The tax avoidance recalls the unintended consequences of India’s decision to raise import taxes on gold to 10 percent by August 2013.
The duty failed to curb demand but revived smuggling networks which, the World Gold Council estimates, imported 120 tons of gold in 2016, over one-fifth of total annual arrivals.
“The new rule is turning out to be counterproductive. Instead of giving required details, customers are buying without proper receipts to save tax,” said Harshad Ajmera, the proprietor of JJ Gold House, a wholesaler in the eastern Indian city Kolkata.
The sales tax on gold rose to 3 percent from 1.2 percent as part of a new nationwide sales tax regime that started on July 1.
“Jewelers are buying smuggled gold at discount in cash, then making jewelery and selling it to consumers without receipts,” said Daman Prakash Rathod, director at wholesaler MNC Bullion in the southern city of Chennai.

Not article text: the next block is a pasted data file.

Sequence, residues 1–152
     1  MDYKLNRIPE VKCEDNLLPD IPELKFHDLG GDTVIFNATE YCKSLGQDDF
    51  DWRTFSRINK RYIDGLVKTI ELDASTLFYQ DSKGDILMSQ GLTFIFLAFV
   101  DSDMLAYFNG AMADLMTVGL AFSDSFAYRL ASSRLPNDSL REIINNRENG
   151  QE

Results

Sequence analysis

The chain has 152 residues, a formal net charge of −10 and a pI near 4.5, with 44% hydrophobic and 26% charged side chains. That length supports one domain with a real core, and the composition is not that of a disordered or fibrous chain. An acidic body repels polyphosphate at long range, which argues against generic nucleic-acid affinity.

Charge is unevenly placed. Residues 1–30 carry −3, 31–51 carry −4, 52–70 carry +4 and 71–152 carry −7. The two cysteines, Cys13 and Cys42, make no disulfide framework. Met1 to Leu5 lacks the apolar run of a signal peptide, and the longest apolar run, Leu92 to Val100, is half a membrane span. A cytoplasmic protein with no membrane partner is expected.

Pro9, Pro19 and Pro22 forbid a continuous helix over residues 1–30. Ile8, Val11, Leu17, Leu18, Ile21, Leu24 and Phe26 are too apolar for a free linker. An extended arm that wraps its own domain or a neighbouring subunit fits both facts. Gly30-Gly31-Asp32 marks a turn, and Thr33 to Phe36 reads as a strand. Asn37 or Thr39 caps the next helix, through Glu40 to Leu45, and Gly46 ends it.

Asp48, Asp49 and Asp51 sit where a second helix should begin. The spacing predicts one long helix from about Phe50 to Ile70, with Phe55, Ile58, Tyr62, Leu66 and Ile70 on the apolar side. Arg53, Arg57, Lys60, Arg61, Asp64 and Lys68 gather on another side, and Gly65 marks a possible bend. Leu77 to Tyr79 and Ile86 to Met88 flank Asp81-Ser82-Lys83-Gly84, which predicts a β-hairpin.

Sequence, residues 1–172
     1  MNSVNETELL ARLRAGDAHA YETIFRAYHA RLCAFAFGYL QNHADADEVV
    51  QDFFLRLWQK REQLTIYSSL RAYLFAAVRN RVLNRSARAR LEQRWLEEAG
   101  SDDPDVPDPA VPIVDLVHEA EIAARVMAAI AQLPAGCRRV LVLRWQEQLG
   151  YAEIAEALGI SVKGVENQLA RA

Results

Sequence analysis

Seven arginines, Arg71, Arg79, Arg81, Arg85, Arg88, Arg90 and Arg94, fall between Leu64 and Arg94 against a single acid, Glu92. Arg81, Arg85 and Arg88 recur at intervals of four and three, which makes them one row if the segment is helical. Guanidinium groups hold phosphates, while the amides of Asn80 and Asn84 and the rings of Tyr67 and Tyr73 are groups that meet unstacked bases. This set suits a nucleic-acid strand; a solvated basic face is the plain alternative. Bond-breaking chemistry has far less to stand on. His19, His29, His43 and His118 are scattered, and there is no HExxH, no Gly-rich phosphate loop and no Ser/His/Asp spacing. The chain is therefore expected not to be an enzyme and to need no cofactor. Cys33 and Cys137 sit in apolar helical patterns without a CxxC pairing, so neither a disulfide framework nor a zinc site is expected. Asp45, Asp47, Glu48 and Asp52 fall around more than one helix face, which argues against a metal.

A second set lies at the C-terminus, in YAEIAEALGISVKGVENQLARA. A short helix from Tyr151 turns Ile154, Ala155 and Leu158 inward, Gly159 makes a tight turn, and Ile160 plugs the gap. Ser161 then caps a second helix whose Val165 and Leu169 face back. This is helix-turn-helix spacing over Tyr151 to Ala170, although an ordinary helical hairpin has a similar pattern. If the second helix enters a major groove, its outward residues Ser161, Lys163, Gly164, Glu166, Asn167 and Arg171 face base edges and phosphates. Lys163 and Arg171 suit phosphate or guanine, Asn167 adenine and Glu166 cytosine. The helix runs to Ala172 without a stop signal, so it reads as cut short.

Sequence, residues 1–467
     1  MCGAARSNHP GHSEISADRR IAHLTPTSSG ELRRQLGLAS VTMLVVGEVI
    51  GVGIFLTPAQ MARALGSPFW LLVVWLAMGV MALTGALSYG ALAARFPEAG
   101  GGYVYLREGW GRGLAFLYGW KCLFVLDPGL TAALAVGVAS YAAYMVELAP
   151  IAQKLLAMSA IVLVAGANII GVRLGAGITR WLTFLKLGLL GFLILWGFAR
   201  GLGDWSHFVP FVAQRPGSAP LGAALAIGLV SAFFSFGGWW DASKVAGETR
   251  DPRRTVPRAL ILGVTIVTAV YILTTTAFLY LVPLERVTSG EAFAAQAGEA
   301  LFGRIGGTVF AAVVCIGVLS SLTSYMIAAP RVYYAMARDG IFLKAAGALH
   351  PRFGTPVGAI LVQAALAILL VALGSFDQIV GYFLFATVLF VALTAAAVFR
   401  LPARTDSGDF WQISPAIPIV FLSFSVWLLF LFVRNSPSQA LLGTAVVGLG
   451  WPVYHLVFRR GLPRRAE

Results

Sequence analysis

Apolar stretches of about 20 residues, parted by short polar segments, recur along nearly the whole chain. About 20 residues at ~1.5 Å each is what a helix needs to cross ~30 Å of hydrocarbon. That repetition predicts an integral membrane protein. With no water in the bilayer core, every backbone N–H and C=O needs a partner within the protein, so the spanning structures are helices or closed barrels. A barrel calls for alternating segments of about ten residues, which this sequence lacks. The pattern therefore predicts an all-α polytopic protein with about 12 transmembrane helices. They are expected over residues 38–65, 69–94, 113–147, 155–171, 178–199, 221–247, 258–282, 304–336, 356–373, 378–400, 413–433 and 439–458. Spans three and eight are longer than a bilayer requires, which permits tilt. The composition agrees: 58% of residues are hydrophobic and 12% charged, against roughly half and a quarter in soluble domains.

In India, less than 4 percent of the people pay income tax. Many tax evaders choose to park their illicit wealth in gold as it is nearly as liquid as currency in the country.
The new limit of 50,000 rupees is too low and makes it mandatory to seek identification details of almost each customer, said Kumar Jain, vice president, Mumbai Jewellers Association.
“The rule has hurt sentiments. Usually demand improves ahead of Dussehra but this year demand is very weak,” Jain said.
Indians will celebrate Dussehra on September 30, a holiday when buying gold is considered auspicious.